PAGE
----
There’s more than one definition of fruitcake in Appalachia

Posted by | December 8, 2014

Yes, it’s heavy as a brick, and lasts long enough that you can re-gift it year after year without anyone commenting on its shelf life having expired. Blame the Scots.

Early versions of the rich style fruitcake, such as what we know today as Scottish Black Bun, date from the Middle Ages, and were luxuries for special occasions. Slices would have been served on Twelfth Night. The dessert was later known as Scotch Christmas Bun before becoming Black Bun. From the Irish and English some Appalachian residents have come to know this type of fruitcake as Scotch bun, or Dundee cakes.

The heavily spiced, dense, chewy black mixture is made with dried fruit, nuts and whiskey a few months in advance of Hogmanay (New Year’s Eve) eating, in order to give it time to mature.

It’s wrapped in a shell of very thin, hard pastry to trap in the flavor over these months. It’s cut into slices for serving, as gingerbread would be, although it’s very different.

traditional fruitcakeOne’s definition of fruitcake in Appalachia depends on one’s ancestry. Folks in the region with English heritage might traditionally flavor fruitcakes with ginger and add candied peel to the dried fruits and nuts, sometimes soaking the cake in liqueurs, not whiskey.

And in German influenced households the stollen served at the holidays is fluffy and breadlike, much closer to the panetone found in Italian homes. Dresdner Christstollen, originating from Dresden, Germany, introduced marzipan into the mix.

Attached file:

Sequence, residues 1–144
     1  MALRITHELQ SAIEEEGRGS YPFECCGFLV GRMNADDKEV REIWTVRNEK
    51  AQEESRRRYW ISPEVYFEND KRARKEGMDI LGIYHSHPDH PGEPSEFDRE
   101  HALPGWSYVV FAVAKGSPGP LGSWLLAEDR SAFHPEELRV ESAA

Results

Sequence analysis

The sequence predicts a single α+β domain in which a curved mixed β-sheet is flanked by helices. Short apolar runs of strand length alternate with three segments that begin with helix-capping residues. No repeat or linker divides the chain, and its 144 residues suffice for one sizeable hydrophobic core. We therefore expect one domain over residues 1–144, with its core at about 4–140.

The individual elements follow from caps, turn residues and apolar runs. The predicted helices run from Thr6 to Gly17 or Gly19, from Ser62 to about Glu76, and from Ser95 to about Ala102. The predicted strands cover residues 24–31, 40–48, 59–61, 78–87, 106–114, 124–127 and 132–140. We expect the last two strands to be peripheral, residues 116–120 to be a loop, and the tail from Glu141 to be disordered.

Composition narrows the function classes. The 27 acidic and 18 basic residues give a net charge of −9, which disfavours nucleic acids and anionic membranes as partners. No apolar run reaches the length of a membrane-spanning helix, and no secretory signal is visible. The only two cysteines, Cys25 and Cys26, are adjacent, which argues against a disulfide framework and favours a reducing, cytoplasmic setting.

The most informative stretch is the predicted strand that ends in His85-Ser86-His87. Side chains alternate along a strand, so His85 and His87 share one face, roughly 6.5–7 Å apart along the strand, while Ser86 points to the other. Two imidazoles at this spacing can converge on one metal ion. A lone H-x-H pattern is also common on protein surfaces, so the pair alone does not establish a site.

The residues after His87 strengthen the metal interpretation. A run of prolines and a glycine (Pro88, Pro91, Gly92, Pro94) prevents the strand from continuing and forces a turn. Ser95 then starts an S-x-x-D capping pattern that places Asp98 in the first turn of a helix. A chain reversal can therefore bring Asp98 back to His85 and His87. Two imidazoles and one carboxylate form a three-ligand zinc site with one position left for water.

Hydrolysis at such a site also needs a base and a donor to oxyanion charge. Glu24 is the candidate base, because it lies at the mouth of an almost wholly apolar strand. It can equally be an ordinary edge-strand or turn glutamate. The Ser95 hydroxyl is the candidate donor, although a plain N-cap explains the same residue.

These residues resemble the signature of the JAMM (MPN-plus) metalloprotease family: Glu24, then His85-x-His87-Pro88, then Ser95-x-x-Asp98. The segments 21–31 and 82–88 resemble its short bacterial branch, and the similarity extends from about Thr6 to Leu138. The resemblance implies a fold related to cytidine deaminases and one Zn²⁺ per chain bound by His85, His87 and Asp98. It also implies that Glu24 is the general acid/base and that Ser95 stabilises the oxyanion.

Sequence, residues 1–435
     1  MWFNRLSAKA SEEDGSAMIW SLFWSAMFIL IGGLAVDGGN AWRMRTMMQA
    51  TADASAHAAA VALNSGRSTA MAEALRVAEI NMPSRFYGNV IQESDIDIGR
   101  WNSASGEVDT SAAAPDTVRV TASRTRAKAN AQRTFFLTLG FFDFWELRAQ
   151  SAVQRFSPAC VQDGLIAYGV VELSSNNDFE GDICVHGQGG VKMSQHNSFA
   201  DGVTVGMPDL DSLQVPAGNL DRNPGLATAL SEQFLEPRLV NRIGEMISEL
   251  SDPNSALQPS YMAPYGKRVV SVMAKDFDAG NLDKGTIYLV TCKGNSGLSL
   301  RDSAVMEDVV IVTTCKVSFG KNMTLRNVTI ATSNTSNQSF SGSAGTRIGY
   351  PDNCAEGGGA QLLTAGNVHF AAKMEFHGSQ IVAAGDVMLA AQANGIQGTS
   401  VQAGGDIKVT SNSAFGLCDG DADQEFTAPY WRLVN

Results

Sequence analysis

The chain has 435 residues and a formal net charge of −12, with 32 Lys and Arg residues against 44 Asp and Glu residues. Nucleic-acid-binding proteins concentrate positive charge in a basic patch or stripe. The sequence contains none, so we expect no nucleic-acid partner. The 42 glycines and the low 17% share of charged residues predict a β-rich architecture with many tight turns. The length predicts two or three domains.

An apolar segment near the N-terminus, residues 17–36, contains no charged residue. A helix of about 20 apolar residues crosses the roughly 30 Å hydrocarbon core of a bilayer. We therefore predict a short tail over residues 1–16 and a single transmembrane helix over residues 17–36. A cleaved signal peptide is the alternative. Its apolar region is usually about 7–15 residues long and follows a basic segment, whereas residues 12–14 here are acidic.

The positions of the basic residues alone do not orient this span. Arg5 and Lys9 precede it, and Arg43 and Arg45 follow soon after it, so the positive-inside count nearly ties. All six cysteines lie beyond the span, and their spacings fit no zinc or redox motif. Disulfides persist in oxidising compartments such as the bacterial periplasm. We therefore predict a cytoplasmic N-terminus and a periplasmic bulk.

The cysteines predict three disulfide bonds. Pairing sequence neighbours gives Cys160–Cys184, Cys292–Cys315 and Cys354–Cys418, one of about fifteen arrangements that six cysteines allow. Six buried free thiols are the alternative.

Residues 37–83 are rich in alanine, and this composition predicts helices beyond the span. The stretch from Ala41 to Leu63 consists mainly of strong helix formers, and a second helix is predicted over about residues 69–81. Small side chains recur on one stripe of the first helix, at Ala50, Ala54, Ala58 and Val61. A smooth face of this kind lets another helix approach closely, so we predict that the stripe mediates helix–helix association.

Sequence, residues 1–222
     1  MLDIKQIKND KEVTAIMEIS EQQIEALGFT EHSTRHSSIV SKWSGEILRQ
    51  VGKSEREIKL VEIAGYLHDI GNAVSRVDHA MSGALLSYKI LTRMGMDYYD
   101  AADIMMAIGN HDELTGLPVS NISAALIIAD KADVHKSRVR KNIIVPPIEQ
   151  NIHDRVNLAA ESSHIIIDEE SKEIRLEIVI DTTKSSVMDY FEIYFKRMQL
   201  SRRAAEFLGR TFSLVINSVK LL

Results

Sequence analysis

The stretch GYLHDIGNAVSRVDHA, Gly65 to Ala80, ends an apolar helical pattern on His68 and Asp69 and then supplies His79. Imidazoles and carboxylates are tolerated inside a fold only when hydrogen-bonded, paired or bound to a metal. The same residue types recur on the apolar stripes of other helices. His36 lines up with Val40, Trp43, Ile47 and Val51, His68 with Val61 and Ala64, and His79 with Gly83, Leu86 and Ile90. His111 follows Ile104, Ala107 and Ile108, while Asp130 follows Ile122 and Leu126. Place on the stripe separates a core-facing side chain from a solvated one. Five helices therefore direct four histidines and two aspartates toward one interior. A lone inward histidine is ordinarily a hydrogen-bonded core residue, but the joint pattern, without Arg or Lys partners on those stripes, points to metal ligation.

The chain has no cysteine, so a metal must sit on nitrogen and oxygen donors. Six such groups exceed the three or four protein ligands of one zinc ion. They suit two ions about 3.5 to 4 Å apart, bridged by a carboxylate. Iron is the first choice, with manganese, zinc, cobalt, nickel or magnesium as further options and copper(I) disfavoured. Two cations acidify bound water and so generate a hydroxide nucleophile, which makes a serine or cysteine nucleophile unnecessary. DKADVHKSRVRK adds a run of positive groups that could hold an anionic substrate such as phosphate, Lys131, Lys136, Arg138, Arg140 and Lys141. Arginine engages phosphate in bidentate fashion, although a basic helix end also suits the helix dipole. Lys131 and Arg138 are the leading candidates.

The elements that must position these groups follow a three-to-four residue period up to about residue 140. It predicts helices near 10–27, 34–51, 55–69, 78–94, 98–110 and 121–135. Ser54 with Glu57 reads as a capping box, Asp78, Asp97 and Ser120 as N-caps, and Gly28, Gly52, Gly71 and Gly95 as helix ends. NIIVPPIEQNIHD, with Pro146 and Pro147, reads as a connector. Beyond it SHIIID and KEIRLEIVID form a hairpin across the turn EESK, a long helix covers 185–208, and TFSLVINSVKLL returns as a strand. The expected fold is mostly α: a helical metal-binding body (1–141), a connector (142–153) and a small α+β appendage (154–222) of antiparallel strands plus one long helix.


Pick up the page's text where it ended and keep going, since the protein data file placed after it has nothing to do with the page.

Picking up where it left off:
“They always had fruitcake for Christmas,” relates Kentuckian Sidney Saylor Farr about her friend Nell Caldwell in More Than Moonshine. “But not your everyday traditional one made of candied fruits and nuts. There was no money to buy such things at the store. Instead she used homemade jams and jellies and preserves, and walnuts and hickory nuts gathered from the woods.”

‘Poor man’s fruitcake,’ by the way, is not fruitcake at all, but rather stack cake, the delicious dried apple cake found throughout the region.

Eugene O’Neill, in his 1914 play, ”The Movie Man,” coined a memorable simile: ”We sure are as nutty as a fruitcake or we wouldn’t be here.” Can the dense brown confection ever shed the stereotype that comes along with being, well, a fruitcake?

And, finally, in the spirit of the season, a recipe for fruitcake from the Capital Scot site; be sure to read carefully!

You’ll need the following:

1 C water
1 C sugar
4 large eggs
2 C dried fruit
1 tsp. baking soda
1 tsp. salt
1 C brown sugar
lemon juice
1 FULL bottle of your favorite whisky (single malts are best)

Sample the whisky to check for quality. Take a large bowl. Check the whisky again to be sure that it is of the highest quality. Pour 1 level cup and drink. Repeat. Turn on the electric mixer; beat 1 C of butter in a large fluffy bowl.

Add 1 tsp sugar and beat again. Make sure the whisky is still OK. Cry another tup. Turn off the mixer. Break two legs and add to the bowl and chuck in the cup of dried fruit.

Mix on the turner. If the fried druit gets stuck in the beaterers, pry it loose with a drewscriver. Sample the whisky to check for tonsisticity. Next, sift 2 cups of salt. Or something. Who cares. Check the whisky. Now sift the lemon juice and strain your nuts. Add one table. Spoon. Of sugar or something. Whatever you can find.

Grease the oven. Turn the cake tin to 350 degrees. Don’t forget to beat off the turner. Throw the bowl out of the window. Check the whisky again. Go to bed.

Who likes fruitcake anyway?

sources: Appalachian Home Cooking, by Mark F. Sohn, University Press of Kentucky, 2005
More Than Moonshine, by Sidney Saylor Farr, Univ of Pittsburgh Press, 1983

fruitcake Christmas+in+Appalachia Hogmanay appalachia appalachian+history appalachian+mountains+history

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